Long-Term Care

Protect A Life of Saving from Long Term Care Costs

Every month, Lawrence Cappiello writes a check to a nursing home for $12,000 to pay for his wife’s nursing home and long term care costs. Two years ago, his net worth was $500,000. In less than two years, the Cappiello’s savings will be gone. This unsettling story is explained in the article “How to Keep LTC Costs From Devouring Your Client’s Life Savings” from Insurance News Net. He is suffering from nursing home sticker shock and says he should have known better.

With proper planning, long term care costs won’t take your life’s savings

Cappiello was a professor at the University of Buffalo for 25 years. During that time, he taught an introductory course on health care and human services that touched on the costs to consumers. He said it was clear even then, that the cost of long term care was going to escalate out of control.

To qualify for Medicaid payments of nursing home care in New York State, residents are permitted to own no more than $15,450 in nonexempt assets. However, elder law attorneys, whose practices focus on these exact issues, say that the way to protect the family’s assets, is to take steps years before nursing home or long term care is needed. Some general recommendations:

  • Signing over the deed of the home to children or any others who would otherwise inherit it from you in a will. The transaction would need to stipulate that you have life use of the home.
  • Establishing an irrevocable trust, that upon death, transfers the house to the beneficiaries. There must be language that ensures that you have life use of the house.
  • Giving away savings and other financial assets.

Transfers of any assets must take place more than five years before applying for Medicaid nursing home and long term care coverage. If they have been given away or transferred within the five year “look-back” period, then there is a chance that they may still qualify, or they may have to wait five years.

That is why planning with an experienced estate planning attorney is so critical for families, especially when one of the spouses is facing a known illness that will get worse with time. There are steps that can be taken, but they must be done in a timely manner.

Many older people are not exactly jumping with joy at the idea of handing over their assets, even when relationships with adult children are good. The idea of giving up assets and the family home is a marker of the passage of time and the inevitability of one’s own passing. These are not things that we enjoy considering. However, taking steps in advance, can make a huge difference in the quality of the well spouse’s life.

It should be noted that a sick spouse can move assets to a healthy spouse, to make the sick spouse lawfully poor and eligible for Medicaid. There is no look back period or penalty relating to long term care for interspousal transfers. This may sound like a very simple solution. However, these are complex matters that need the help of an experienced attorney. If it were so easy, countless spouses would not be facing their own impoverishment because of an ill spouse’s long term care needs.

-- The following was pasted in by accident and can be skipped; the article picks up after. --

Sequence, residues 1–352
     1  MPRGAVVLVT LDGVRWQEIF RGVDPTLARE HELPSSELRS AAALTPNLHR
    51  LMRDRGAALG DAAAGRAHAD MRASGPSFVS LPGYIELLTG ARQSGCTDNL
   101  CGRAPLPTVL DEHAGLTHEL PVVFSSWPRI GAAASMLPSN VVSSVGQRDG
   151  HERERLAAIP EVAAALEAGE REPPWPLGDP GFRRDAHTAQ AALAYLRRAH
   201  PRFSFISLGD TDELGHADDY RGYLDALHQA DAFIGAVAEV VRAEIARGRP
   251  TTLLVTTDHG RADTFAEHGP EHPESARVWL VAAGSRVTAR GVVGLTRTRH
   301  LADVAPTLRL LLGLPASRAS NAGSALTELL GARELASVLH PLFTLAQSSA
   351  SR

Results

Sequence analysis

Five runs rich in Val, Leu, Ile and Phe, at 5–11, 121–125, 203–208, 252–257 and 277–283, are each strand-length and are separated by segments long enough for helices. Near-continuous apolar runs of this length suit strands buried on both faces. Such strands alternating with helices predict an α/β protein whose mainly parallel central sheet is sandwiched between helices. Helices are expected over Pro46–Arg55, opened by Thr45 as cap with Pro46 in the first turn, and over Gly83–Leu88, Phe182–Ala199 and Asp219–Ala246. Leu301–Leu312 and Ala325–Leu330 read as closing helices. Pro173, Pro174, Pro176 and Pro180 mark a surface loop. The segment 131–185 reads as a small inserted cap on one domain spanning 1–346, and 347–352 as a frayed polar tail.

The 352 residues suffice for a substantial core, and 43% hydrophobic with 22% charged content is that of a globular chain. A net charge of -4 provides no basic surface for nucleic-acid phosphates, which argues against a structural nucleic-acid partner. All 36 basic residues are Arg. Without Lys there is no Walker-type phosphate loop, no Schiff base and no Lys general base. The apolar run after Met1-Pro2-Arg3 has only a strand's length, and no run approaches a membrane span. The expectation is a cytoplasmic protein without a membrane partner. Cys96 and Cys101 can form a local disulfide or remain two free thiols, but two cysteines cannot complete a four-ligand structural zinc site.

Reference: Insurance News Net (Feb. 4, 2019) “How to Keep LTC Costs From Devouring Your Client’s Life Savings”

Common Estate Planning Mistakes That You Can Avoid

The number one estate planning mistake is failing to have or to update an estate plan, says the Times Herald in the article “Top six estate planning mistakes.” Therefore, start by working with an estate planning attorney to create an estate plan, and you’ll be way ahead of most Americans. Why does this matter?

An estate plan allows you to stay in control of your assets while you are alive, provide for your loved ones and for yourself in the event you become mentally or physically incapacitated, and when you die, give what you have worked to achieve to those you wish. It costs far less to take care of all of this while you are alive. It’s a gift to those you love, who are spared a lot of stress and costs if it must be figured out after you have passed.

Once you have a plan in place, you have to keep it updated. An estate plan is like a car: it needs gas, oil changes, and regular maintenance. If your family experiences significant changes, then your estate plan needs to be reviewed. If you change jobs, have a change in your financial status, or if you receive an inheritance, it’s time for a review. When there are changes to the law, regarding taxes or non-tax matters, you’ll want to make sure your plan still works.